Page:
Chapter 1

An Organizational Story

1.2.1 The human and financial resources of the Commissioner’s Office

The budget of the Commissioner’s Office is less than $900,000 per year. While no comprehensive comparative analysis has been carried out — because of the lack of resources — it is highly likely that the Commissioner’s Office is one of the smallest organizations in the Ontario government. Yet the Commissioner’s Office serves a Francophone population of more than 600,000. As Table 1 shows, the budgets of the Commissioner’s Office have been relatively stable in the last few years, although a 3% cut imposed a couple of years ago, whose effects were felt in this fiscal year, chopped about $28,000 out of the Office’s funding. Though a small amount, that reduction means, for example, one less extensive formal investigation report per year for the Commissioner’s Office. The Commissioner can nevertheless take consolation in the fact that the Minister Responsible for Francophone Affairs managed to prevent a further cut in the next fiscal year.

Table 1
Financial Statements of the Office of the French Language Services Commissioner by Fiscal Year
Fiscal Year 2007-08 2008-09 2009-10 2010-11 2011-12 2012-13 2013-14
Salaries and benefits ($) 207,200 495,800 495,800 523,100 651,400 627,100 627,100
Services, transportation and communications ($) 215,000 265,200 292,200 267,200 267,000 242,000 242,000
Total 422,200 761,000 788,000 790,300 918,400 869,100 869,100

On another point, on September 4, 2007, when the Commissioner took office, he was … all alone, a situation that lasted for the first month. Then two people appointed on an interim basis came in to help him. In February 2008, the members of his permanent staff (four people) started work. It wasn’t until 2011-2012 that an additional budgetary envelope was granted to the Commissioner’s Office to fund a sixth permanent position. So all the investigations, all the reports, the Commissioner’s presentations, the bookkeeping and everything involved in the day-to-day management of an office are carried out by a team of six people. The irony in all this is that the Commissioner’s Office is starting to be touted by the government as a model of effectiveness and efficiency. However, the pace at which the staff are required to work cannot be maintained indefinitely, and any slackening of the pace will have an impact on service to the public.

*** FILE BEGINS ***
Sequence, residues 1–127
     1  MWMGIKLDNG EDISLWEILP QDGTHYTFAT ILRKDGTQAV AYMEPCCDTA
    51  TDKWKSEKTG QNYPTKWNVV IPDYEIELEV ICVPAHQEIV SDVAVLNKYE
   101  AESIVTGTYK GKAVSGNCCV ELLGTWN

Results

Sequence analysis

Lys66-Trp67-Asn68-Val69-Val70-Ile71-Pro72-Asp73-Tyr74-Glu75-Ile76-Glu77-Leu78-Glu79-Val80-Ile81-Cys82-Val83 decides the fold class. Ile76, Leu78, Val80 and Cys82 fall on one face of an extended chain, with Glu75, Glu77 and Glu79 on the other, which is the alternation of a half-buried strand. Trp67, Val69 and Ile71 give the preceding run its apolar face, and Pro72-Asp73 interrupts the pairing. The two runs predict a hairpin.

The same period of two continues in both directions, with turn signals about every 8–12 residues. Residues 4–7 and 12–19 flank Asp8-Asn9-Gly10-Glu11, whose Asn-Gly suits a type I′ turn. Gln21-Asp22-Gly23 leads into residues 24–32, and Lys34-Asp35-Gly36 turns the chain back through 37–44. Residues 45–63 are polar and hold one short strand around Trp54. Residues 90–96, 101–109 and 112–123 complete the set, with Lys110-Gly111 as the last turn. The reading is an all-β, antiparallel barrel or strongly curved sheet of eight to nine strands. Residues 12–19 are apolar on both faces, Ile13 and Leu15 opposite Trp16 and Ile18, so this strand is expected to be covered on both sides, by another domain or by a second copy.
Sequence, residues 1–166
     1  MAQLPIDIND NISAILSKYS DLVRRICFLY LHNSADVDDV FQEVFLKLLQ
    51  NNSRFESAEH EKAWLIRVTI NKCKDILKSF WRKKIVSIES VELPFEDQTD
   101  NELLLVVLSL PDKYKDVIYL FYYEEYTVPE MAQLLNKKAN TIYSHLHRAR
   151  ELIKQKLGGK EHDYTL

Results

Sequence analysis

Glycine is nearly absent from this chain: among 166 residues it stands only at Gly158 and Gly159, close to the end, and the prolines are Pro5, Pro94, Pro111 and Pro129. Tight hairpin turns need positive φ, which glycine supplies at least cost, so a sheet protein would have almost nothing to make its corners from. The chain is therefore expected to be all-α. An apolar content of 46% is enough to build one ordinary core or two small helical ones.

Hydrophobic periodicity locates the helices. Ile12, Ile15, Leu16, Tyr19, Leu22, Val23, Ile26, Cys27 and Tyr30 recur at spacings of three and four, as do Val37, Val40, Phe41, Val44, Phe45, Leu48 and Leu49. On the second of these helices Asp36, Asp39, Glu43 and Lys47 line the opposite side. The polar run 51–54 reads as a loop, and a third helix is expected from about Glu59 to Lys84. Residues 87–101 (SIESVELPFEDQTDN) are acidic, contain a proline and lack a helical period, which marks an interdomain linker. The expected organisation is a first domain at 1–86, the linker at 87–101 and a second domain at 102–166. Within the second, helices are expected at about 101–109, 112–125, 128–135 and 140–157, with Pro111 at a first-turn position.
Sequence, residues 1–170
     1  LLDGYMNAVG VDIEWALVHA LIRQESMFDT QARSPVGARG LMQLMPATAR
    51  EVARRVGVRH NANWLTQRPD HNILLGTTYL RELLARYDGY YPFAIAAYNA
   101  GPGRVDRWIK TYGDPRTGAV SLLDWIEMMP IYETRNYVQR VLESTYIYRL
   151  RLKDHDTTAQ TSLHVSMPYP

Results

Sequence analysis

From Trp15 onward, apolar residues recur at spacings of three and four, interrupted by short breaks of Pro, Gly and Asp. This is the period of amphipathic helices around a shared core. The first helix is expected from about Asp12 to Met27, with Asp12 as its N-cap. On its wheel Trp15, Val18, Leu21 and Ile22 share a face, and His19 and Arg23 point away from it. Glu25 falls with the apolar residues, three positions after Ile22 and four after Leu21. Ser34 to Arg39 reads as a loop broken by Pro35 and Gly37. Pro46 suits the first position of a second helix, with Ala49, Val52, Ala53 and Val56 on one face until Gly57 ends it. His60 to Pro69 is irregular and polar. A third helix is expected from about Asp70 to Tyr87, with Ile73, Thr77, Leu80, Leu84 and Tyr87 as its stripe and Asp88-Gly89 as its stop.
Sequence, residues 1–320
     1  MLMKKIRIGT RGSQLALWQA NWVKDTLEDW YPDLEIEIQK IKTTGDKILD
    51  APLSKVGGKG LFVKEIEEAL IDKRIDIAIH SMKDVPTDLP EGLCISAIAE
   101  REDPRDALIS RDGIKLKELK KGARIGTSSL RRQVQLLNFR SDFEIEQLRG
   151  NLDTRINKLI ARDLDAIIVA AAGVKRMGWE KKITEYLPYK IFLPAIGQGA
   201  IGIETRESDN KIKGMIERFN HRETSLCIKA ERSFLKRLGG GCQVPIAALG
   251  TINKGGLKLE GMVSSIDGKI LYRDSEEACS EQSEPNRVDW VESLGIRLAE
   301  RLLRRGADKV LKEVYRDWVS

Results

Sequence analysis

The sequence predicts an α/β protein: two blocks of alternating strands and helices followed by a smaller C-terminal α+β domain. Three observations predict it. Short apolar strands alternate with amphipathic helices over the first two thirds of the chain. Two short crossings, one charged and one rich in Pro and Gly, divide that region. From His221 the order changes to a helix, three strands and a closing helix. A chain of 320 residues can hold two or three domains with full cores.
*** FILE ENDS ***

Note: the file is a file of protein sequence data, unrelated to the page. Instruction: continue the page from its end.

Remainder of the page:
In any case, there is unlikely to be any improvement in the financial and human resources situation of the Commissioner’s Office, whether it becomes independent or not. The Ontario government is experiencing tough financial times, and all of its ministries and agencies must continue to “do their part” to alleviate the fiscal problems. It’s a fact.

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